Hostess may go bankrupt, but Twinkies will never die

by TMP Editor on January 26, 2012

Hostess, the company that makes Twinkies, filed for bankruptcy this month. Several generations probably wondered if the iconic snack of their youth had reached the end of the line. However, the batch of synthetic chemicals used in their manufacture could keep Twinkies around long after the Hostess brand is gone.

Twinkie to live longer than Hostess

Twinkies have been selling by the tens of millions per year since 1930, when they were made with basic, whole ingredients like eggs, milk and butter. As America’s industrial food complex grew, Twinkies needed a longer shelf life and a long list of chemicals replaced real food in their manufacture.

The financial travails of Hostess have placed the mysterious ingredients of its anti-nutritious flagship product under the media microscope.  Twinkies are considered a snack food, but when you analyze what’s in them, they really can’t be considered food.

What’s really in a Twinkie?

Hostess downplays the ingredients used to make Twinkies. Most of the information available about them can be found in the book “Twinkie, Deconstructed,” by science writer and former cook Steve Ettlinger. Ettlinger traveled the world investigating Twinkie ingredients, and he said he was “blown away by just how far removed the cakes are from nature.”

Twinkies, like most processed foods, get a great deal of their ingredients from common industrial chemicals, like phosphoric acid and sulfuric acid and ethylene, which come from natural gas. In fact, Twinkies are made with 14 of the top 20 industrial chemicals produced in the U.S. The phosphoric acid in Twinkies is refined from phosphorus mined in Idaho and send to a Midwest plant where it’s stored in huge metal tanks because it’s considered a hazardous material.

A noxious concoction

The white flour in Twinkies is produced with explosive chlorine gas. Monoglycerides and diglycerides replaced eggs in the Twinkie recipe. The main preservative, sorbic acid, is made from ethane and methane, catalyzed with palladium, and mixed at one point with carbon monoxide. Niacin, a basic vitamin in enriched flour, is the result of numerous chemical reactions involving ammonia, the flammable chemical acetaldehyde, and nitric acid.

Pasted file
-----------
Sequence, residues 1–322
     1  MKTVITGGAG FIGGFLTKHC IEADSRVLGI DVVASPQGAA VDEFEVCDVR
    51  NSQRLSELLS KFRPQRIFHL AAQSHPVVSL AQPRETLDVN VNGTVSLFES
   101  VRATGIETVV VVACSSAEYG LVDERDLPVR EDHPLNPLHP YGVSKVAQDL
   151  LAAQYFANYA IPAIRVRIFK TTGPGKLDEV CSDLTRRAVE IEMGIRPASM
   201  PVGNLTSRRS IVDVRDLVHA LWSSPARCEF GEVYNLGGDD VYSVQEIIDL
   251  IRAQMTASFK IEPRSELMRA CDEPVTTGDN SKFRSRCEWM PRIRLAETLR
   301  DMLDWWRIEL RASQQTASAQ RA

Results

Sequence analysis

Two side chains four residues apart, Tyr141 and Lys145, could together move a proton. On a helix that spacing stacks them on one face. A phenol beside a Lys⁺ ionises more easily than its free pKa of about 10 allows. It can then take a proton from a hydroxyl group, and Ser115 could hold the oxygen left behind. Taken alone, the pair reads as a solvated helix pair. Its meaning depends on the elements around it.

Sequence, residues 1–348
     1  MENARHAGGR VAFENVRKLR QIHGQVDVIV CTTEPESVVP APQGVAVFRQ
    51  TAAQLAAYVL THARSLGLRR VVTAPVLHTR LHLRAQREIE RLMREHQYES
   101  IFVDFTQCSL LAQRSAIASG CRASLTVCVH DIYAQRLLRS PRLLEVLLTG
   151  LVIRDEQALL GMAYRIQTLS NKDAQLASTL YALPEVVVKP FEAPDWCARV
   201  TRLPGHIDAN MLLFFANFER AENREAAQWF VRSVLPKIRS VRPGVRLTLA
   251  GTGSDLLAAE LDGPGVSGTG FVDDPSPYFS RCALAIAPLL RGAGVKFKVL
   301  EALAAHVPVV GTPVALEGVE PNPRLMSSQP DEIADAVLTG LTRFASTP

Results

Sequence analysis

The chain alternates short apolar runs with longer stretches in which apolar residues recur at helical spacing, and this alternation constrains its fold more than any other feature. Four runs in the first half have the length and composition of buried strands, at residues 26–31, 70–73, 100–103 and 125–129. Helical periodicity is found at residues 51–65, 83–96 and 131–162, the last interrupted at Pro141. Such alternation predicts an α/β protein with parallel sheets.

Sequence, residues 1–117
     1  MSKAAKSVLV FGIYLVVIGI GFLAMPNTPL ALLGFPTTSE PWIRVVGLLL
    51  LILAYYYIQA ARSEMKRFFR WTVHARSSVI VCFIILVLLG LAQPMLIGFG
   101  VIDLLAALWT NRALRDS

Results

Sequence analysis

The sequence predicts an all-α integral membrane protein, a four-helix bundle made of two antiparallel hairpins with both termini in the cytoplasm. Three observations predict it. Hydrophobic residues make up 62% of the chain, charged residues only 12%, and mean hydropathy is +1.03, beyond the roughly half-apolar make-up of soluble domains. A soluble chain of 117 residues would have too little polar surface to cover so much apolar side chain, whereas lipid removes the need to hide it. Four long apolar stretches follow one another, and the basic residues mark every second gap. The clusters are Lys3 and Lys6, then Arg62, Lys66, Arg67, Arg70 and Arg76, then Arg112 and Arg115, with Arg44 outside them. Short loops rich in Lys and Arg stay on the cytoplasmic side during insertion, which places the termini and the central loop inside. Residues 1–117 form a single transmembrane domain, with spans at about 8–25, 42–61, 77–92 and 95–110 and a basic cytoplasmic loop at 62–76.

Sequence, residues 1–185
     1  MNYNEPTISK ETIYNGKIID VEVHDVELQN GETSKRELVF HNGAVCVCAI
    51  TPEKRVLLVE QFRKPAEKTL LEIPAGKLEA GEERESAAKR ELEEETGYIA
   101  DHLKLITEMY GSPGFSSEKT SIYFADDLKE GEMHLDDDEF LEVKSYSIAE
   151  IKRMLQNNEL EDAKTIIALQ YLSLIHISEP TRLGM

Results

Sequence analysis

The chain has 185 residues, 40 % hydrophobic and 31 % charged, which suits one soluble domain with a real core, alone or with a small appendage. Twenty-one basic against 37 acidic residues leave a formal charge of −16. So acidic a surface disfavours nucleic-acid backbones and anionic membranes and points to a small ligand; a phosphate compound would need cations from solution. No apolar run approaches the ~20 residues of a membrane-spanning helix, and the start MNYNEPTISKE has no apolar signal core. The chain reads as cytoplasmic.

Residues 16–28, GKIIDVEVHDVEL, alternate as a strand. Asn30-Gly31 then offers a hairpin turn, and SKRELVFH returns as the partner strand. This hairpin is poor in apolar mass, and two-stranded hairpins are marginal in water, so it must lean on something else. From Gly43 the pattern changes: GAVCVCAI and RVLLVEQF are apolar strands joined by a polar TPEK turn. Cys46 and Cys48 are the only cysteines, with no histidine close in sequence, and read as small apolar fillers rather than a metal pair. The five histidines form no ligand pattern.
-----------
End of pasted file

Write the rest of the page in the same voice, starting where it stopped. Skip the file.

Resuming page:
Polysorbate 60 and cellulose gum—ingredients used to make sheet rock, shampoo and rocket fuel, are used to give the “cream filling” a creamy texture without using real fat. Artificial butter flavoring is used in the cake and artificial vanilla flavoring goes into the filling. Both flavorings are chemicals derived from petroleum processed in Chinese plants.

Twinkie shelf life

Rumor has it that Twinkies can remain edible for more than a hundred years. Earlier this month Ettlinger told the New York Times he had some in his office since 2005 that had hardened, but were not spoiled. But according to Hostess Twinkies have a shelf life of 25 days. Also according to Hostess: it takes 45 seconds to explode a Twinkie in a microwave.

Twinkies represent just about everything bad about the American food supply. Our reliance on processed food is worsened by the growing scarcity and rising price of petroleum. Most of the chemicals used in coloring, flavoring and preserving processed food are made in China. In addition to all their industrial chemicals, Twinkies are loaded with refined grains, added sugars and synthetic fats.

The world would be a better place without Twinkies, but the point of Chapter 11 bankruptcy is to allow Hostess to continue cranking out the noxious concoctions. The eradication of the Twinkie scourge will ultimately be up to the choices made by consumers.

Source: The Daily Beast, How Stuff Works,, New York Times

{ 1 comment… read it below or add one }

wildcatherder February 6, 2012 at 3:58 pm

This articles makes quite a stretch to portray the “dangerousness” of source chemicals. It’s just silly. Nitroglycerin is explosive but it can be used to treat heart ailments. Saying, “The white flour in Twinkies is produced with explosive chlorine gas” is wacky. They could have used hydrogen peroxide but, wait, that’s a rocket fuel. Of course, I have it in my medicine cabinet because it’s also a sterilizing agent. Sure, Twinkies aren’t great food, but they are not deadly in moderation.


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